At this year’s International Contemporary Furniture Fair (ICFF), an emphasis on asymmetry and coarse unpolished surfaces ungirded many of the pieces on display.
You could also see a mixture of different aesthetics within one piece such as side tables that incorporate both the industrial and the hand-hewn. Recycled materials and pieces exhibiting a concern with the environment also were also prevalent. Indeed, this year’s ICFF, which is a bell-weather for the design world, indicates that a more informal and crunchy vibe is percolating throughout culture.
Case in point is the New Innovations in Clay line from Catharina Goldnau Ceramics, which included a tall sculptural work consisting of urns growing out of one another with overflowing ferns and flowering plants. This agglomeration, which looks as though it was rescued from some Roman ruin, was made with both shards of porcelain and sections of unfinished clay. Blue glaze is drizzled down the surface and it serves as a celebration of recycled forms and materials.
The Ross Table from Matriz Design is a veritable Yin Yang of shapes, colors and methods of manufacture. It features a light colored wooden table top milled on the top and hand carved on the bottom, speaking to the penchant for mixing techniques found in many of the exhibits at this year’s ICFF. The round table top is connected by a slender light colored piece of metal extending from a linear dark metal base that looks as though it is a section of an industrial eyebeam. The liminal space between the table top and its sturdy base creates the illusion that it almost floating above.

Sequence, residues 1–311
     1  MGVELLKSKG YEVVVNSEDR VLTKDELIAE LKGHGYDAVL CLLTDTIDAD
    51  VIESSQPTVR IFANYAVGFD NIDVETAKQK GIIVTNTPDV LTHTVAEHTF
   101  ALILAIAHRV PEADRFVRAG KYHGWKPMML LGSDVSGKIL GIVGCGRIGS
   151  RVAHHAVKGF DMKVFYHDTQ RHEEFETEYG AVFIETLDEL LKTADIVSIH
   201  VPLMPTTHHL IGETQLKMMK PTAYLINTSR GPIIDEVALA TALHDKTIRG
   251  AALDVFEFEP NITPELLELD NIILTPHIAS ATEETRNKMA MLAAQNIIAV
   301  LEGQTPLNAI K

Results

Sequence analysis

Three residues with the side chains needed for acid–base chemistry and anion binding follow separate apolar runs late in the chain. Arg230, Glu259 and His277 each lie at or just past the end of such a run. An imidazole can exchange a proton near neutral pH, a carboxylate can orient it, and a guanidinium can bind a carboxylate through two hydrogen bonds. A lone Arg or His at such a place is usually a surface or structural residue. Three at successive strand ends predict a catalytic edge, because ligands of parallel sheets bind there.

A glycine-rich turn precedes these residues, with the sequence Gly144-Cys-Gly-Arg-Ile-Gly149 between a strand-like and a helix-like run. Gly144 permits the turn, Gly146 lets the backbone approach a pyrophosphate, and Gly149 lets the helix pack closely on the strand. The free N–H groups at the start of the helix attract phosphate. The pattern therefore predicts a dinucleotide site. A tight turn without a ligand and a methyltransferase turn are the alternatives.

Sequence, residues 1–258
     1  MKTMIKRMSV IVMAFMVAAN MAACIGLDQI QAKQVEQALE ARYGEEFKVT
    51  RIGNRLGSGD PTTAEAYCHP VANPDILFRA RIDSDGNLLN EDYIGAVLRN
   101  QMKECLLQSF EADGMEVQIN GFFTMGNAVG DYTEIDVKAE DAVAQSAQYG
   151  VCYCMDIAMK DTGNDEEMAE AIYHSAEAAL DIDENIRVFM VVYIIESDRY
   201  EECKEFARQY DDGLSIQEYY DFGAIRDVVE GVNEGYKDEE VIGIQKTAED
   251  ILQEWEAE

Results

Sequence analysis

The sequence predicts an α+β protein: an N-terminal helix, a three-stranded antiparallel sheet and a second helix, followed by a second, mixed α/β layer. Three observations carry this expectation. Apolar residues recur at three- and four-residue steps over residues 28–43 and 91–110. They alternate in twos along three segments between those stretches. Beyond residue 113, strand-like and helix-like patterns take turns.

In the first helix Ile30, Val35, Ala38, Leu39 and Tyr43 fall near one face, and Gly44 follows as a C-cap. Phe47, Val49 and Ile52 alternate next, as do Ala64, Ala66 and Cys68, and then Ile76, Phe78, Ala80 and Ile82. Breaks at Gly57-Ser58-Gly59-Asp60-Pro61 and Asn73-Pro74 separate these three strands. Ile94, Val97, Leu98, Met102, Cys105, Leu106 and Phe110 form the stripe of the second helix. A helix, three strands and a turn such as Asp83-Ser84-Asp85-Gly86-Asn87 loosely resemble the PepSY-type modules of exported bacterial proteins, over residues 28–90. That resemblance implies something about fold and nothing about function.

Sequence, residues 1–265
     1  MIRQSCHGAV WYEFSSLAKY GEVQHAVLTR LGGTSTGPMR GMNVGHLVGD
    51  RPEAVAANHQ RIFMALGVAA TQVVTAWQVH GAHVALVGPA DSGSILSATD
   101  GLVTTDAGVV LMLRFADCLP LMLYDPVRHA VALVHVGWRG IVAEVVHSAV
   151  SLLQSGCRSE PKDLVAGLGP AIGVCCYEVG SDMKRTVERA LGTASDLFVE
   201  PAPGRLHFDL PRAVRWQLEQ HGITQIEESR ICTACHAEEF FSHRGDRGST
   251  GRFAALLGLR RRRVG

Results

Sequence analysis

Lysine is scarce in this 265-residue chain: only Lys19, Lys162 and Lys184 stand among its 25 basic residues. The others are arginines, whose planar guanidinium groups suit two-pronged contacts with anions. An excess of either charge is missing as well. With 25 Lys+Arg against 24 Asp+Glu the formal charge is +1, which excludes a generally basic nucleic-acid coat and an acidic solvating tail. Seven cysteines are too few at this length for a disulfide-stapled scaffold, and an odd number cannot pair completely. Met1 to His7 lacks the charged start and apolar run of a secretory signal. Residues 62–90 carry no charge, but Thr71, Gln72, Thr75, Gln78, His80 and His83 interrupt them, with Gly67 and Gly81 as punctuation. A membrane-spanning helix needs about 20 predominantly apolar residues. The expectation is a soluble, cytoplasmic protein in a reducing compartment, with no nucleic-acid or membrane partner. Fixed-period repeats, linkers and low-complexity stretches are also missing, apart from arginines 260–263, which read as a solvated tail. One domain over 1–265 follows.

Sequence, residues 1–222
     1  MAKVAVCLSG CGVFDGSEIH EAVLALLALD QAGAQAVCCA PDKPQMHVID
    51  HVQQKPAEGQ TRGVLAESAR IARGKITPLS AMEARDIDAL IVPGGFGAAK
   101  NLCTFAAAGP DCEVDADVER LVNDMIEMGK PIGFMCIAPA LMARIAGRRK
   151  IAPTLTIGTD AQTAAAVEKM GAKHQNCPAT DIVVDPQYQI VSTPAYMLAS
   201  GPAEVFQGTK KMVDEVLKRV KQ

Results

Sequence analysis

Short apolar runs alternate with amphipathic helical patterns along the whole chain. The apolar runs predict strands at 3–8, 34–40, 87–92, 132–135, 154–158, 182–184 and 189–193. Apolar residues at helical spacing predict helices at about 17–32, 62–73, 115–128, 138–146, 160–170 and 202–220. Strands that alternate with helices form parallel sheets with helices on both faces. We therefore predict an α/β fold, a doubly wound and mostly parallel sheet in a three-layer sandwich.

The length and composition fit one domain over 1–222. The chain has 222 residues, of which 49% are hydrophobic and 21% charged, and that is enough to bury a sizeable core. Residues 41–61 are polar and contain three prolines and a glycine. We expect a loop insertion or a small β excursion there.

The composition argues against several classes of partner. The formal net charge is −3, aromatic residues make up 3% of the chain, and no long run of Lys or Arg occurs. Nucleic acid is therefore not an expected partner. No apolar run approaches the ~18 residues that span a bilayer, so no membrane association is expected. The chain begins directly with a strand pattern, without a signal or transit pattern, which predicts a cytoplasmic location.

One of the most inspired woThe eclecticism and pastiche defining this year’s ICFF are truly astounding. For today’s designers, no material or image is too unusual that it cannot be incorporated into the furniture that we invite into our homes and our offices. And rather than thinking about a particular moment in time or an overall aesthetic, the message here is that we should be thinking more about how we connect to the rest of the world.
rks at ICFF was Paisley Paramecium, a colorful paisley textile and wallpaper design with bursting images that at first glance looks as though it is a modern take on the Victorian designer William Morris. However, there is something more than meets the eye here, it is a blow-up of microorganisms that form the basis of the chain of life but that are so small that you can fit billions into a test tube. Here we can see supersized images of paramecia, nudibranchs, euglena, diatoms, algae, amoeba and Spirogyra.
The brainchild of London-based designer Newton Paisley, a winner of the Kent Creative Design Award, Paisley Paramecium emphasizes our connection with the rest of the world and our dependence on microorganisms such as Prochlorococcus, which, according to some scientists, is responsible for one out of every five breaths we breathe.